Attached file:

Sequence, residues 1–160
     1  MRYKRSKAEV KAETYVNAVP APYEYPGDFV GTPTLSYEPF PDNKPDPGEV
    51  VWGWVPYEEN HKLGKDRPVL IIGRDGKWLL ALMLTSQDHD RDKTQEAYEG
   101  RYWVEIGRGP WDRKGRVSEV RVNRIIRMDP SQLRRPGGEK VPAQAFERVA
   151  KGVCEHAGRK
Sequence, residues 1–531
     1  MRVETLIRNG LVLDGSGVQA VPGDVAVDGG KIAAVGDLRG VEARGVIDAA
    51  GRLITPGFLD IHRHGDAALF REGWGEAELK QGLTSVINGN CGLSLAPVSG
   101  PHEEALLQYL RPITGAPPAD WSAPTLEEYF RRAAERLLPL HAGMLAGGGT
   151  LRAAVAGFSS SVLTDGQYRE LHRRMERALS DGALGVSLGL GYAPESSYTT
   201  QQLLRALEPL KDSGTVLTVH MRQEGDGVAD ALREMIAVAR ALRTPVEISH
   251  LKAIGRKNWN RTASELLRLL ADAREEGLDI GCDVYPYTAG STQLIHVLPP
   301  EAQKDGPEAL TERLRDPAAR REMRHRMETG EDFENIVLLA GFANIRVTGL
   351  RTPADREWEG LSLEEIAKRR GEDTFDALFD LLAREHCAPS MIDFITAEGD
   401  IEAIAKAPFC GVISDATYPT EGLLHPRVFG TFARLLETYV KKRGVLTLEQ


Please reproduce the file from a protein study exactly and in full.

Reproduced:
Sequence, residues 1–160
     1  MRYKRSKAEV KAETYVNAVP APYEYPGDFV GTPTLSYEPF PDNKPDPGEV
    51  VWGWVPYEEN HKLGKDRPVL IIGRDGKWLL ALMLTSQDHD RDKTQEAYEG
   101  RYWVEIGRGP WDRKGRVSEV RVNRIIRMDP SQLRRPGGEK VPAQAFERVA
   151  KGVCEHAGRK
Sequence, residues 1–531
     1  MRVETLIRNG LVLDGSGVQA VPGDVAVDGG KIAAVGDLRG VEARGVIDAA
    51  GRLITPGFLD IHRHGDAALF REGWGEAELK QGLTSVINGN CGLSLAPVSG
   101  PHEEALLQYL RPITGAPPAD WSAPTLEEYF RRAAERLLPL HAGMLAGGGT
   151  LRAAVAGFSS SVLTDGQYRE LHRRMERALS DGALGVSLGL GYAPESSYTT
   201  QQLLRALEPL KDSGTVLTVH MRQEGDGVAD ALREMIAVAR ALRTPVEISH
   251  LKAIGRKNWN RTASELLRLL ADAREEGLDI GCDVYPYTAG STQLIHVLPP
   301  EAQKDGPEAL TERLRDPAAR REMRHRMETG EDFENIVLLA GFANIRVTGL
   351  RTPADREWEG LSLEEIAKRR GEDTFDALFD LLAREHCAPS MIDFITAEGD
   401  IEAIAKAPFC GVISDATYPT EGLLHPRVFG TFARLLETYV KKRGVLTLEQ